A major attraction of sports sponsorship to any company is fan affiliation, and there was little doubt in the mind of many marketing academics that by leaving these teams and their employee's jobs on the line, the car manufacturers had ultimately done more harm to their brand image through their F1 involvement than good.
The future of car manufacturer involvement
By 2010, Formula One was starting to find its feet again in the latest post-manufacturer era. Honda had become Brawn GP in 2009 and ultimately dominated the championship, leading to the team being bought by Mercedes who had been one of only two manufacturers to maintain the same level of investment in the sport on the back of the recession.
Jodie Scheckter driving a Tyrrell-Ford P34 at the German Grand Prix in 1976
This was followed up by the Red Bull Racing team winning the 2010 world championship, Renault finding a new owner in investment firm Genii Capital and Sauber starting to recover with the help of sponsorship provided by the world's richest man, Carlos Slim.
Then, prior to the start of the 2011 season, it was announced that the Infiniti car company would become a 'partner' of Red Bull Racing. This has been heralded as fantastic news by those in the sport who believe that it is a sign that car manufacturers have recovered from the recession and are now starting to return to F1 once again.
The Japanese company has been attracted by the new 'energy recover' systems which are starting to become a regular feature in the sport, with Red Bull stating that the alignment to Infiniti will help them match the development of manufacturer-supported teams like Ferrari and Mercedes when the sport adopts new regulations in 2013, which will see energy recover systems have a greater impact on performance. The effect of these hybrid systems has been amplified by the recent freeze on engine development, which has seen each manufacturer's engine power output become largely similar, thereby negating the major advantage of being partnered or owned by a car manufacturer.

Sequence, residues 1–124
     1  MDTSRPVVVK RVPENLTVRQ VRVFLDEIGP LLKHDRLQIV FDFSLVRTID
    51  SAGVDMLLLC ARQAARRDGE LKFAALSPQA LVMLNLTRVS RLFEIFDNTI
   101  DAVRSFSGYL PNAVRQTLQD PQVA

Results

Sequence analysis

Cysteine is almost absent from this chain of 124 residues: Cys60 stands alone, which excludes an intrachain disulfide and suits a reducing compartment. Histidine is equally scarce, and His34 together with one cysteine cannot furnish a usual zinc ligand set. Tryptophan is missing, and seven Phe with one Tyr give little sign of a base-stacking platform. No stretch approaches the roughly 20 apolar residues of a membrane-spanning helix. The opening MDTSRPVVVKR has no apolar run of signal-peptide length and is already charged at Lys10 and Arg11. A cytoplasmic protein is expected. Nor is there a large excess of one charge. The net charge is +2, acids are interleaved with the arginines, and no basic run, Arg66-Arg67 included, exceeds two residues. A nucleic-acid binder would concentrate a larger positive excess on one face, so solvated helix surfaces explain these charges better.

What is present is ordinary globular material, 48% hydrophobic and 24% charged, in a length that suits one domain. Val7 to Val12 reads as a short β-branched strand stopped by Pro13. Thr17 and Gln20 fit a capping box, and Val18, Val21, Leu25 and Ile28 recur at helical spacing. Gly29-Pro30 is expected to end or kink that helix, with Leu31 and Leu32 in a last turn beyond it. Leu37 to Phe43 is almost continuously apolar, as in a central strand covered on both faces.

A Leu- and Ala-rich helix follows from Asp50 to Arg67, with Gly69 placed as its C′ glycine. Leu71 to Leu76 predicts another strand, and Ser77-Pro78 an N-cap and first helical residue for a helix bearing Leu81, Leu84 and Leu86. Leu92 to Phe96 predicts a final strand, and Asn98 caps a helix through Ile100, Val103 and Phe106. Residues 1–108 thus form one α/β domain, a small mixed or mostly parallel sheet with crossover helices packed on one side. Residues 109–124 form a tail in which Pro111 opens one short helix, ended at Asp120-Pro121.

However, the future development of hybrid systems will likely result in the same spending race as was seen during the engine development wars and will therefore once again place greater importance on being joined to car manufacturers.
The question which must be asked is whether it is sensible for either the teams or the manufacturers to follow this route and repeat mistakes which have happened twice before.
The car manufacturers financing this hybrid war will ultimately pull out of their F1 sponsorship/partnership arrangements upon the first signs of trouble in the economy - and teams will once again be left heavily in debt, hence placing the jobs of their employees in danger. This will ultimate render any fan affiliation built up by their involvement in F1 void and likely leave their brand image worse off than it had been before. For Infiniti this won't be as much of a problem because brand awareness is low outside of the United States and Japan.
But perhaps better known manufacturers should think twice before repeating mistakes from the past …
Carlos Slim, currently the world's richest man
Note: the views expressed above are those of the author and do not necessarily reflect those of uksponsorship.com Ltd.